jk diary: packaging a jk script with kpt

In my previous outing with kpt, I managed to make a JavaScript program into a container image that could be used with kpt fn to create some Kubernetes configuration. An obvious question, having reached that summit, is

Can you use that image with the other bits of kpt?

To be able to answer in the affirmative, I need to demonstrate:

  • making a package someone can import with kpt pkg
  • giving that package some settings for use with kpt cfg

A demonstration is in https://github.com/squaremo/kpt-generator-demo – here I’ll explain some of the process of getting there.

Making a package

The easy bit is this:

kpt pkg init . --name kpt-demo

That creates a Kptfile in the current directory and gives it the name kpt-demo. (The more economical mode of use, just kpt pkg init DIR, is for creating a package from outside the directory containing the goodies.)

The Kptfile, as this point, looks like this:

apiVersion: kpt.dev/v1alpha1
kind: Kptfile
  name: kpt-demo
  shortDescription: Demo of generating resources with kpt

Pretty self-explanatory so far. I’m not convinced by this fashion of co-opting Kubernetes' TypeMeta and ObjectMeta structures (the apiVersion, kind, and metadata fields) for config files that aren’t intended for the Kubernetes API. Kustomize does this too, and I think it just confuses and complicates matters.

Moving on, what’s in the package?

What lies within

I borrowed the technology developed in the last post for building a container image; it’s in image/. The kpt bits assume the image is available in the local Docker with the name generate – e.g., by building it with the following:

docker build -t generate ./image

The script generate.js in there went through a few revisions. At first I tried to make it work in different modes:

  • kpt fn run . scoops up all the resources found within ., then finds any resources that define themselves as functions (with the config.kubernetes.io/function annotation, and runs them;
  • kpt fn run . --image=generate -- ... scoops up the resources found within ., and runs the image generate on them (with any parameters supplied after a --)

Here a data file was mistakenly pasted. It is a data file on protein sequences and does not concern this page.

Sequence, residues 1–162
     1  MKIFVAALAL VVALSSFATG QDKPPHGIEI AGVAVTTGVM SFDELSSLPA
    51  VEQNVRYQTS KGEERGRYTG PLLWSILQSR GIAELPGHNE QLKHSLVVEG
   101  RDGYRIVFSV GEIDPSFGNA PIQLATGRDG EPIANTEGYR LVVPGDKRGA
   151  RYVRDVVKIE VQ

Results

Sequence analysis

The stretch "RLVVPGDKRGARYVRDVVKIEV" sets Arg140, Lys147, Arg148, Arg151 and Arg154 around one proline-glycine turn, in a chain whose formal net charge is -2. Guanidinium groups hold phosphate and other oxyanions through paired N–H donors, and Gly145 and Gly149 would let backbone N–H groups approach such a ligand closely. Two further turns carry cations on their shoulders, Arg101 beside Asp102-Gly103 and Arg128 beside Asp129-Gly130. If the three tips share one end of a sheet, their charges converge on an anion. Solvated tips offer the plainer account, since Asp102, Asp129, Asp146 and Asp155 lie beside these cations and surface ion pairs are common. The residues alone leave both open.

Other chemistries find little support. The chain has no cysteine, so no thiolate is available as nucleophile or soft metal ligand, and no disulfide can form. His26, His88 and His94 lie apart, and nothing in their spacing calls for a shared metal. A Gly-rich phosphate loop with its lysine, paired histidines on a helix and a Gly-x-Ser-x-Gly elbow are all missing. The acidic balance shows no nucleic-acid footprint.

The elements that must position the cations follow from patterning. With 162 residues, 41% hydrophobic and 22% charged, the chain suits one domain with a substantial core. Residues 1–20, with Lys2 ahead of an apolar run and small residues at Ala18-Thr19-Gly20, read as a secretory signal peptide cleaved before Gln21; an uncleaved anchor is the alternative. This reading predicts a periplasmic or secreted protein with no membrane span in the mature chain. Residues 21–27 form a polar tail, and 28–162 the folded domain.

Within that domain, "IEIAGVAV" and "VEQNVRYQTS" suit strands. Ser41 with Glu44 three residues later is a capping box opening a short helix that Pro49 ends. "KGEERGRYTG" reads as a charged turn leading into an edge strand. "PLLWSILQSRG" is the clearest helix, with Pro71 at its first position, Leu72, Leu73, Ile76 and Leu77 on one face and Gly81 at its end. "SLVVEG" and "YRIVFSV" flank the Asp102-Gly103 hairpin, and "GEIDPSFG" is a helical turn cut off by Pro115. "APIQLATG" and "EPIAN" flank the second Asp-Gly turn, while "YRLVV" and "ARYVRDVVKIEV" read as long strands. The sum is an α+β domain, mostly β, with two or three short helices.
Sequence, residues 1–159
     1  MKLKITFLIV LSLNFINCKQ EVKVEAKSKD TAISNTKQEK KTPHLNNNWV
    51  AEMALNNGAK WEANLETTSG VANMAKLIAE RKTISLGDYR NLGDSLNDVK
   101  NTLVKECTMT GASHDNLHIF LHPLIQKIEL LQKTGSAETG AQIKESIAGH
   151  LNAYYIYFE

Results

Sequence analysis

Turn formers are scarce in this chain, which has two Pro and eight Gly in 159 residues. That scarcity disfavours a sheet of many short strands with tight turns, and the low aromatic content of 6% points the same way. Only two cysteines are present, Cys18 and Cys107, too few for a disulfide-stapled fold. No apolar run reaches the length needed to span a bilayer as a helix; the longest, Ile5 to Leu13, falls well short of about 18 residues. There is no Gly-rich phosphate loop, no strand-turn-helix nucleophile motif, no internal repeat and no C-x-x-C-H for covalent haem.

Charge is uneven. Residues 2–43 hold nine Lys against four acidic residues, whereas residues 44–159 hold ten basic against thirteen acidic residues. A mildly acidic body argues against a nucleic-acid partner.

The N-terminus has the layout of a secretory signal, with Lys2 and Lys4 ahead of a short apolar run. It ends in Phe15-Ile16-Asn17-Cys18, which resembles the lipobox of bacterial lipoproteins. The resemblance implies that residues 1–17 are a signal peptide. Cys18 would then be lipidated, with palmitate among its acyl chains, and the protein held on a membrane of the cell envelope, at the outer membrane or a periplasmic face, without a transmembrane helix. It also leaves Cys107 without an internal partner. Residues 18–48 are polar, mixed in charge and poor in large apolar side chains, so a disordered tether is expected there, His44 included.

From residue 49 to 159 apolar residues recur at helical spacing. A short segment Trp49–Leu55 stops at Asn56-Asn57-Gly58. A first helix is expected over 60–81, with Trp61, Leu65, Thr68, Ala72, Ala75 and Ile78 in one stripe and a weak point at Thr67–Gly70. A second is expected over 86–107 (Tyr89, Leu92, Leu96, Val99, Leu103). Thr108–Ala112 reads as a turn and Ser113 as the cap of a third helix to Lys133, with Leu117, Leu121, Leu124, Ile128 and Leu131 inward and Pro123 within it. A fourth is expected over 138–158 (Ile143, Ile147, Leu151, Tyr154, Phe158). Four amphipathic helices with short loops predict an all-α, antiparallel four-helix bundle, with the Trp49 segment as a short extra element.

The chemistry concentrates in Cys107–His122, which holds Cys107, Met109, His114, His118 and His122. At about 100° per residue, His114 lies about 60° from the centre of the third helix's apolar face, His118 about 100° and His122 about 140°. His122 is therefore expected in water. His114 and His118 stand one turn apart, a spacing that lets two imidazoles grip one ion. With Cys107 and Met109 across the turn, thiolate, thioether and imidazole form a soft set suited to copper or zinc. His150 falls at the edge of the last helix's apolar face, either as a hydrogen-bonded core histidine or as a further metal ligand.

Both of these will replace the files in . with those that come out the other side of the image (and remove any files that weren’t in the output).

Clearly the idea is that functions go through and modify things in place, and otherwise repeat back whatever they got as input. In my case, though, I want to assert the resources in the package, rather than transform them. If the config is part of the input, it needs to be part of the output, otherwise it will be erased, and running the same thing again won’t necessarily get the same result.

It’s less fiddly if the function config lives off to one side in fn/ – and this is more suitable for kpt cfg, as you’ll see.

The second revision of the script does not take into account the function config, and just generates the desired resources. It doesn’t expect, or output, the resource that’s used as the functionConfig. To keep the config and the output separate, the output goes in instance/, and the invocation to generate it is now:

kpt fn run ./instance --fn-path=./fn

Parameterising the generation step

The script can be given a functionConfig object (part of the kpt fn protocol), from which it gets values for namespace and image.

Since the functionConfig can be a resource itself, its fields can be set by kpt cfg, though you can only set scalar values (numbers, strings and booleans), while a functionConfig could have composite values.

Creating a setter is simple:

kpt cfg create-setter . namespace default

This does two things: it creates a record of the setter in the Kptfile, and it marks all the fields it can find with that value, as being set by the setter. In my case, that includes the generated files, which is not what I want – it’s only the functionConfig that matters.

Rerunning the generation step erases the marks in the generated files. Using kpt cfg with the functionConfig relies on that file not being amongst the generated files, for that reason – it would lose the setter marking, which is encoded in a comment.

Using the package in a configuration

With the setters set, it’s possible to import the package into another configuration and customise it there.

mkdir /tmp/newconfig
cd /tmp/newconfig
git init
kpt pkg get https://github.com/squaremo/kpt-generator-demo.git helloworld
kpt cfg set helloworld namespace hello
kpt fn run helloworld/instance --fn-path helloworld/fn
kpt cfg tree helloworld/instance
# ...

There’s an extra kpt fn step after setting the namespace, because the files must be regenerated.

Where this gets us

The demo repo shows how to package a JavaScript program into a container image, then use that image with kpt fn to generate configuration. The config used to specify the function is kept off to one side, so it’s not part of the generated files, and can be altered with kpt cfg.

It seems reasonable to assume that you could also containerise Helm charts, or indeed other programs, and use them in a similar way. To me this is superior to just splatting the (e.g.) Helm chart into YAMLs and making that your kpt package, as suggested in the kpt docs. If the configuration in the chart can just be rendered out as YAMLs with any or no parameters and be a useful package, why is it in a chart?

I like the way kpt gives you tooling to manage packages of plain YAMLs, with clever updating. I also like the idea of using programs to generate configuration, since plain YAMLs with the ability to set some field values is totally inadequate as a reusable package. Lots of things are easier with concrete values, but: abstractions have power!

950 Words

2020-04-19 00:00 +0000